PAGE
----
By Braden Turner
Playwright, poet, and librettist Dan O’Brien (ΦBK, Middlebury College, 1996) reached an important career milestone this past year with the release of his first stage collection, Dan O’Brien: Plays One. Initially published in the U.K. by Oberon Books, it will be distributed in America this April by Theatre Communications Group. The Body of an American—one of five plays featured in the collection—won the Horton Foote Prize for Outstanding New American Play, the inaugural Edward M. Kennedy Prize for Drama, the PEN Center USA Award for Drama, and the L. Arnold Weissberger Award. In 2015, he was awarded a Guggenheim Fellowship in the category of drama and performance art. His wife, Jessica St. Clair (ΦBK, Middlebury College, 1998), is an actor, writer, and producer. They reside in Los Angeles with their daughter Isobel.
You’re a playwright, a poet, and a librettist. Do you find yourself naturally gravitating more towards one form as opposed to the others? Is it still much of the same creative process between the three, or do you exercise “different parts of your brain,” to work on different areas of literature?
O’Brien: I follow my instinct in terms of whether or not something wants to be a poem, or a play, or libretto. Often my subjects overlap genres: I’ve written two plays and three collections of poetry and a libretto about the Pulitzer Prize-winning war reporter Paul Watson. And I have a collection of autobiographical poems entitled Scarsdale, a play entitled The House in Scarsdale: A Memoir for the Stage (which just received five LA Drama Critics Circle Award nominations); and I’ve been working on a prose memoir of childhood for a few years now. But each form affords a different perspective, a different mode of expression.
Will you ever expand the area of your work even more? Maybe into novels, for example?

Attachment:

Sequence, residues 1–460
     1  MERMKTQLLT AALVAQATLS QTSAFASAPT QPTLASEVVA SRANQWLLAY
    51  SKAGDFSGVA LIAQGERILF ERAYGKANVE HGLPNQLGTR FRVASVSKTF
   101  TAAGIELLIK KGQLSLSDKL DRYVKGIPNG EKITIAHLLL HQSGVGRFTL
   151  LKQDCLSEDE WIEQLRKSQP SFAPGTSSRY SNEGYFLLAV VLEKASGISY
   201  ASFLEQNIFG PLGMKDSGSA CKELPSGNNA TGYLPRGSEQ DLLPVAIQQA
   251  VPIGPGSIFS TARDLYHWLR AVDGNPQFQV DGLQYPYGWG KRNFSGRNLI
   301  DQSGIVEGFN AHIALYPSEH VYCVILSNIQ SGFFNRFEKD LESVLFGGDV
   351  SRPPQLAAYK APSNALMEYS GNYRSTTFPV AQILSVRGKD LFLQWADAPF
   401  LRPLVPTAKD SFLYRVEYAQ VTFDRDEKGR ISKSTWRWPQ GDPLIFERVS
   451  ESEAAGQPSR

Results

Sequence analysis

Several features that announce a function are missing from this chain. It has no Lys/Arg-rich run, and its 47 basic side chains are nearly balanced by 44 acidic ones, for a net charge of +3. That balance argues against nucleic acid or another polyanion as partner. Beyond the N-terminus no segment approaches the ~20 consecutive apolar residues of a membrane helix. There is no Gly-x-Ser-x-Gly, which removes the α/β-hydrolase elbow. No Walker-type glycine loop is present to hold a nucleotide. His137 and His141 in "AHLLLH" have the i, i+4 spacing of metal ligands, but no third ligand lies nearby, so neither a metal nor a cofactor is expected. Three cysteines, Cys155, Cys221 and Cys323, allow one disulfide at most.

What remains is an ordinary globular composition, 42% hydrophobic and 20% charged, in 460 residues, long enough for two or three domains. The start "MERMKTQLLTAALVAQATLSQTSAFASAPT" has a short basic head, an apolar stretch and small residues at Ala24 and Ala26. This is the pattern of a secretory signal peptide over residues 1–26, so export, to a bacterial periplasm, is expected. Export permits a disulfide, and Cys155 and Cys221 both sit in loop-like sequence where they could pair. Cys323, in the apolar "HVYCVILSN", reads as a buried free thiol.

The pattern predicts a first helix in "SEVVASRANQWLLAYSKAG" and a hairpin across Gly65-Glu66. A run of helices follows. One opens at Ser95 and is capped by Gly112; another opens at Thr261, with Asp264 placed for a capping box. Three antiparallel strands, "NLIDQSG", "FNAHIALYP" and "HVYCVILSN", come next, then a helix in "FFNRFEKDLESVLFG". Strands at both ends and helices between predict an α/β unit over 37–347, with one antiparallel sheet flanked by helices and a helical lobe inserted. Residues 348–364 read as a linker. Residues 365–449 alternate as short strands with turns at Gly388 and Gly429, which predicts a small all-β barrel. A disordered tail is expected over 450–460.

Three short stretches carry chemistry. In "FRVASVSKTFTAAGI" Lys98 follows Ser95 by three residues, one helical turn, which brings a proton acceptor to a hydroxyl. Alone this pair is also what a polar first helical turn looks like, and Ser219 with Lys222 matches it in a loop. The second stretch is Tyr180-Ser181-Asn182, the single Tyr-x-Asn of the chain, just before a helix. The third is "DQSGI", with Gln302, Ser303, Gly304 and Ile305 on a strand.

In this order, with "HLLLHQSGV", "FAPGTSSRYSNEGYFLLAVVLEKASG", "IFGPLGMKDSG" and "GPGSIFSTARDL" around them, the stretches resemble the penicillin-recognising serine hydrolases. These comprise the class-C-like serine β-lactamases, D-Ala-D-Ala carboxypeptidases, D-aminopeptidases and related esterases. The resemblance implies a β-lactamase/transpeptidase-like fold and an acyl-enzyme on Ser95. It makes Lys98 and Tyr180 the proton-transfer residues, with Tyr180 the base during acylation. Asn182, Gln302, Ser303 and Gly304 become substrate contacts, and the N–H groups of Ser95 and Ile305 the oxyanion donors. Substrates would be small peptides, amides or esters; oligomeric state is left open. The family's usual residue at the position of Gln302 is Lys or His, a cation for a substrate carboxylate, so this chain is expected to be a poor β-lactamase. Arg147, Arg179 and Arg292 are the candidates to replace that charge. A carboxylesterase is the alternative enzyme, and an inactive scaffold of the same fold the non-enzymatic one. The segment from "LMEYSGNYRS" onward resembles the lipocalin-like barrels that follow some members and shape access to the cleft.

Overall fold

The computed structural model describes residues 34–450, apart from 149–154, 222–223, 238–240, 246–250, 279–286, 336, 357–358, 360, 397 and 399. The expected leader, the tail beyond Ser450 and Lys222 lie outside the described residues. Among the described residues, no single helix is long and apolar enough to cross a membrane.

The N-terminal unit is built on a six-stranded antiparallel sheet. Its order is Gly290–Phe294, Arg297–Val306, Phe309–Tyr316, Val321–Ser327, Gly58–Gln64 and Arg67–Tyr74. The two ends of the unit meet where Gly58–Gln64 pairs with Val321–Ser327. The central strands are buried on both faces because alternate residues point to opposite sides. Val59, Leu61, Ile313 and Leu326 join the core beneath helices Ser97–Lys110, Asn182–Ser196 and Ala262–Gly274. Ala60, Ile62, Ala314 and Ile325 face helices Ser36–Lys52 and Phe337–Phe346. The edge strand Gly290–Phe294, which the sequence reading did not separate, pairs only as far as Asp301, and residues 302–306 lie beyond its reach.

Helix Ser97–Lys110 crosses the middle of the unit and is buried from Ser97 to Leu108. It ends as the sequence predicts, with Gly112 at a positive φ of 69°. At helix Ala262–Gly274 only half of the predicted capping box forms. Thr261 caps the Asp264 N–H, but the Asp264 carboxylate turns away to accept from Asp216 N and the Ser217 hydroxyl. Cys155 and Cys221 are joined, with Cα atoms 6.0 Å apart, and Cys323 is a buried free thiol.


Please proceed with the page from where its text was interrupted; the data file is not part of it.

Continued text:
O’Brien: Yes, as mentioned I have this memoir-in-progress. And I’ve written and published short stories here and there over the years. As well as personal essays—my essay “Of Time and the Theatre,” about my lifelong love of the theatre from the perspective of recent cancer treatments for both my wife and me, is just out this month in the Missouri Review. And excerpted yesterday at LitHub. I also just published a book review in the Times Literary Supplement.
How has your education in the liberal arts shaped your work and who you are today? You also teach. Do you see the impact it has on the lives of your students?
O’Brien: My liberal arts education and experience as an English/theatre major at Middlebury College in the ‘90s prepared me well for a lifetime of critical and creative thinking. Everything I write is an attempt to learn something new, about myself and my subjects, and in this way I don’t feel like my education has ever ended. I certainly hope not. Yes, I teach playwriting at colleges here and there, most frequently at the Sewanee Writers’ Conference for a couple weeks in the summers, and I hope I can foster a similar passion for engaging with and creating challenging, meaningful art. Of course I enjoy teaching because my students inspire me—and they keep me company, too.
Do you have any advice for aspiring creatives?
O’Brien: My somewhat facetious advice, at least to young writers, is: “Don’t take advice.” But I mean it: there are so many opportunities for disillusionment, especially if you’re passionate, so it’s crucial that you follow your own internal compass. Be strange, discover and keep discovering what’s unique about your experience and your natural style of expression. I also advise young artists to treat it as your job, even if nobody’s paying you, in the belief that eventually you’ll be able to make a living at it. Of course younger artists especially need day jobs. But my advice has more to do with valuing what you do even if society doesn’t.
What’s next for Dan O’Brien? What are you currently working on?
O’Brien: I’m working on a new collection of poetry, the memoir I’ve mentioned, an experimental rock opera, with my old college friend John Colpitts of the bands Oneida and Man Forever, about Sasquatch and cancer for Portland Center Stage in Oregon; a new play entitled New Life for Center Theatre Group in Los Angeles, about my friend war reporter Paul Watson, his experience in Syria and our tragicomic attempts to fashion a TV pilot out of it; and a commission for the American Revolutions Cycle at Oregon Shakespeare Festival (a co-commission with the Public Theatre in NYC) about the history of guns in America.
Braden Turner is a senior at The University of Tulsa majoring in English and minoring in history and economics. He became a member of Phi Beta Kappa in 2017, during his junior year. The University of Tulsa is home to the Beta of Oklahoma Chapter of Phi Beta Kappa.
Photo Credit: Brett Simison